I’m in the middle of taking the Coursera Machine Learning class -- which has been amazingly good -- and it recently covered how one could implement a machine-learning algorithm to power driverless cars.
Here’s how you might do it. You put a camera on the front of your car, and you set it to capture frequent images of the road ahead of you while you drive. At the same time, you capture all the data about your driving -- steering-wheel movement, acceleration and braking, speed -- plus stuff like weather conditions and number/distance of cars near you.
Putting that together, you’ve got some nice training data: a mapping between “situation the car is in” and “how the human driver responded.” For example, one thing the system might learn is: “when the car’s camera sees the road curve in this particular direction, then turn the steering wheel 15 degrees to the left and decelerate to 35 mph.”
Of course, the world is a messy, complicated place, so if you want your self-driving car to be able to handle any road you throw at it, you need to train it with a lot of data. You need to drive it through as many potential situations as possible: gravel roads, narrow alleys, mountain switchbacks, traffic-heavy city expressways. Many, many times.
Which brings us to Google Street View.
For years now, Google has been sending Street View cars around the world, collecting rich data about streets and the things alongside them. At first, this resulted in Street View imagery. Then it was the underlying street geodata (i.e., the precise longitude/latitude paths of streets), enabling Google to ditch Tele Atlas and make its maps out of data it obtained from Street View vehicles.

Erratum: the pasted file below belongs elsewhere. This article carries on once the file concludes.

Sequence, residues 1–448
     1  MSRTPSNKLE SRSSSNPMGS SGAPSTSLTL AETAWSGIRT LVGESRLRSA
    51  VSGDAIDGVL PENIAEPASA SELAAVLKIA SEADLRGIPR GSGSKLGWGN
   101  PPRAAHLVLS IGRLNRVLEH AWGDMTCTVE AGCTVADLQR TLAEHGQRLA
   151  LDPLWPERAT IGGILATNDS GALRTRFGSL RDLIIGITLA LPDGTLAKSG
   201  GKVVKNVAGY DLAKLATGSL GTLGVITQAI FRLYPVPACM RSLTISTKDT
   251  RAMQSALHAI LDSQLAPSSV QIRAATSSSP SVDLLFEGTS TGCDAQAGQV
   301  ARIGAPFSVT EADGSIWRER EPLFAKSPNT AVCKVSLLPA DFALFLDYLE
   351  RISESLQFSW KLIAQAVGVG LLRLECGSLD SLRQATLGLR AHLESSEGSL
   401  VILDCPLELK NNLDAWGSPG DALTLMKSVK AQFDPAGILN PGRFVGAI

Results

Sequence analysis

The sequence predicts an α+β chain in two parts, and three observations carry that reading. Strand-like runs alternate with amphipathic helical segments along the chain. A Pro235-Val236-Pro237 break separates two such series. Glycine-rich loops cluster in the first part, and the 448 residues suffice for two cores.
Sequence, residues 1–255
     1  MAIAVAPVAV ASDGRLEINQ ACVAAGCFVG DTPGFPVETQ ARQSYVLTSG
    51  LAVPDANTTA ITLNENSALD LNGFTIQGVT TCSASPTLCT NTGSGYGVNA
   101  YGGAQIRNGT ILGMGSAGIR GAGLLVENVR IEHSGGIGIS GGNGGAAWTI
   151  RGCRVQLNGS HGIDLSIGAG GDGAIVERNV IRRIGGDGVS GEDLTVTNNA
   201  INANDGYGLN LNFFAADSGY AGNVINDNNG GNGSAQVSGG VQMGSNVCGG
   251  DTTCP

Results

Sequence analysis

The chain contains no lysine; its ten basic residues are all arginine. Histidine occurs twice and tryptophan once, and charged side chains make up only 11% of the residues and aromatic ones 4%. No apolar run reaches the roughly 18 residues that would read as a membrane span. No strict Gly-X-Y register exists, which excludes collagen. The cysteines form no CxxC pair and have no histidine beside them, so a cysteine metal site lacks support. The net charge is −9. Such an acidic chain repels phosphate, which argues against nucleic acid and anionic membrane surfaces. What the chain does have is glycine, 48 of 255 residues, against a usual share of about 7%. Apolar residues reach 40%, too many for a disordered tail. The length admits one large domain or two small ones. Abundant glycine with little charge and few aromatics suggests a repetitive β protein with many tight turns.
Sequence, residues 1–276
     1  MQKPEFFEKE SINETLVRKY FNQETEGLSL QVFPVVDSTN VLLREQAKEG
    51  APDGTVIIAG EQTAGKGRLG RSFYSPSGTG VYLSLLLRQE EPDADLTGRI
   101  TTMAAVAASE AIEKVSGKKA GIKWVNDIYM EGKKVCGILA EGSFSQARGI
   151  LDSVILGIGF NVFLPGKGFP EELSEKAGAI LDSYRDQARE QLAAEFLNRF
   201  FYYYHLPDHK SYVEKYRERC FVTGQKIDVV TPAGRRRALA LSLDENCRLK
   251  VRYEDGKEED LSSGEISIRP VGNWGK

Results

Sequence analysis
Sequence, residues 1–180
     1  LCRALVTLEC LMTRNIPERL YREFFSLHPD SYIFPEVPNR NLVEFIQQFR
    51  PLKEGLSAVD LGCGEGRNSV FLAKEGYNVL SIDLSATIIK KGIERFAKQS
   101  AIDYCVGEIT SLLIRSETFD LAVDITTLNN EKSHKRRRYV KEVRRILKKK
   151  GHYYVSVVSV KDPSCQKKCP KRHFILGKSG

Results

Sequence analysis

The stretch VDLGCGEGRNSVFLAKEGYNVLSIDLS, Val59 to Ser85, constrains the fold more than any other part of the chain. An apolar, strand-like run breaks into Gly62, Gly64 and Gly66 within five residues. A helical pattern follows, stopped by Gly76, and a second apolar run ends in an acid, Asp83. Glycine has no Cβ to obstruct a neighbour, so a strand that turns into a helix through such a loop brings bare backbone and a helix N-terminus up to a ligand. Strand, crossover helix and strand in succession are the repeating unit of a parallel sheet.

Now, I’m realizing the biggest Street View data coup of all: those vehicles are gathering the ultimate training set for driverless cars.
I’m sure this is obvious to people who have followed it more closely, but the realization has really blown my mind. With the goal of photographing and mapping every street in the world, Street View cars must encounter every possible road situation, sort of by definition. The more situations the driverless car knows about, the better the training data, the better the machine-learning algorithms can perform, the more likely it is that the driverless car will work. Brilliant.
When I originally heard about Google’s driverless car experiment, I assumed one big reason it was being developed was to make Street View data collection more efficient. No need to pay humans to drive those cars around the world if you can automate it, right? But it’s likely the other way around -- Street View cars inform the driverless cars.
The next question is, as Street View data improves the driverless cars, will the driverless cars get good (and legal) enough to eventually gather Street View data without humans, which will then lead to more driving experience, which will lead to smarter driverless cars, which will lead to more efficient Street View data gathering, in a vicious cycle of driving and learning?
I’m curious about the direction of Google’s strategic thinking. Did it start with “Let’s take photos of every street in the world” and lead to “Hey, we might as well collect data for self-driving cars while we’re making all this effort”? Or was getting data for driverless cars a goal from the get-go, with Street View imagery being a convenient diversion from the real plan (and a way to justify the effort to shareholders skeptical of such expensive R&D)? If the latter, it’s especially brilliant.
More broadly, this inspires me to think more “meta” about data collection. If you have an opportunity to collect data, there’s the value of the data itself, but there’s also the value of the data about the collection of the data. What data does a journalist tangentially (and maybe even unknowingly) collect as she goes about her reporting business? It might be more valuable than the stuff she set out to collect in the first place.
UPDATE: I changed the title of this post from “wolf in sheep’s clothing,” as that was a lame metaphor that didn’t actually make sense.